But what if, rather than attending to the ontological virtuosity of science, we were to recall Heidegger's own analytic triad? For Heidegger, science is related to the world. "That to which the relation to the world refers are beings themselves - and nothing besides" (WM 97). The scientific attitude bears on what is essential in things and, thus coordinate, guides the relation of science to the world. "That from which every attitude takes its guidance are beings themselves and nothing besides." But the last issue, the insistent irruption is key. "That with which the scientific confrontation in the irruption occurs are beings themselves - and beyond that nothing." It will be the exclusion of nothing, "rejected precisely by science, given up as a nullity" that is, as Richardson rightly did not fail to emphasise, Heidegger's own concern. For Heidegger, science owes its tremendous efficacy and success to just that impossible thought of nothing. "Scientific existence is possible only if in advance it holds itself out into the nothing .... Only because the nothing is manifest can science make beings themselves objects of investigation. Only if science exists on the base of metaphysics can it advance further in its essential task, which is not to amass and classify bits of knowledge but to disclose in ever-renewed fashion the entire region of truth in nature and history" (WM 111). This much is given. This much science has without trying. Here Heidegger, Husserl, (and Heelan) are in full accord. But what else comes from science, and from the same source? Nothing less critical for Heidegger 's thinking than the very forgetfulness of Being. We are reminded that Heidegger would call us to the heart of philosophy or wonder. But "only when the strangeness of beings oppresses us does it arouse and evoke wonder" (WM 111). This wonder turns all by itself, turns of itself, into a search for the why, and we are off after metaphysical gold, asking "Why are there beings at all, and why not rather nothing?" (WM 112)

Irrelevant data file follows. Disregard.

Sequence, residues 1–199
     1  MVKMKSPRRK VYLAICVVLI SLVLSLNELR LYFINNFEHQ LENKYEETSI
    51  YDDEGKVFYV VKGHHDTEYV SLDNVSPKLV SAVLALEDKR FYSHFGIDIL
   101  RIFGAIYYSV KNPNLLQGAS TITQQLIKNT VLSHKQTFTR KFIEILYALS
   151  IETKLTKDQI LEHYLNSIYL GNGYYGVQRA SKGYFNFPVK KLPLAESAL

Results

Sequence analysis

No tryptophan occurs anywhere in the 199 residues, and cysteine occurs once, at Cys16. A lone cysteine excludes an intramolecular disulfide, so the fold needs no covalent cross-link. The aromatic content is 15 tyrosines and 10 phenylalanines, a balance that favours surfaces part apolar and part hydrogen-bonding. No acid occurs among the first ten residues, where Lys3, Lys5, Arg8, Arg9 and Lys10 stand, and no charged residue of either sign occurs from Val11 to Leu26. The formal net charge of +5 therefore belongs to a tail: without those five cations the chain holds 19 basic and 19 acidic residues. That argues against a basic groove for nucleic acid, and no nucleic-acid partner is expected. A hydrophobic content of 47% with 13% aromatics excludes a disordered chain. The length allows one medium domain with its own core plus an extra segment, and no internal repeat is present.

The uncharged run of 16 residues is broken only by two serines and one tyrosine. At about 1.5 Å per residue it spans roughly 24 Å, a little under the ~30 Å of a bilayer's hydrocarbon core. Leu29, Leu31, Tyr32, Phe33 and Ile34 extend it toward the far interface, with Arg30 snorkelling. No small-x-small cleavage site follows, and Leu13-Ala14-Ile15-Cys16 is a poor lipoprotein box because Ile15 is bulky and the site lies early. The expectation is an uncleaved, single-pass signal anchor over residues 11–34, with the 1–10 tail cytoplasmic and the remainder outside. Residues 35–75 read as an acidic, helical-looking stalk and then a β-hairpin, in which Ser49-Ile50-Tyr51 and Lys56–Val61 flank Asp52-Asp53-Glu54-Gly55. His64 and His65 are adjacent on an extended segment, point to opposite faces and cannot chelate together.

Note that if the essence of science follows from "nothing besides" as it were, it is not for that attuned to the task of thinking. Indeed, in "On the Essence of Truth," Heidegger cautions that where "technical mastery over things bears itself without limit, ... precisely in the leveling and planning of this omniscience, this mere knowing, the openedness of being gets flattened out into the apparent nothingness of what is no longer even a matter of indifference but rather is simply forgotten" (OE 131). What Heidegger seeks is nothing but "letting be," if he invokes the poet's word on modern science to help him do it:


But research strives and rings, never tiring,
After the law, the reason, why and how.


Doch Forschung strebt und ringt, ermiidend nie,
Nach dem Gesetz, dem Grund, Warum und Wie.
12


For Heidegger, "questioning the space-time-law-regulated course of movement is how research pursues the 'why' of beings. But Goethe says 'You stick to the because and ask not why!"/"Du halte dich ans Weil und frage nicht Warum?" (PR 127/206) In this we hear the resonance of complexities neglected in the scientific question "why?"

In addition to Goethe, Heidegger turns to another poet to approximate the Greek origin, Johannes Scheffler, or Angelus Silesius. In his lecture course, Der Satz vom Grund, Heidegger quotes:


The rose is without a why, it blooms because it blooms
It pays no attention to itself, asks not whether it is seen.


Die Ros' ist ohn Warum; sie blühet, weil sie blühet.
Sie achtet nicht ihrer selbst, fragt nicht, ob man sie siehet. (PR 36/68)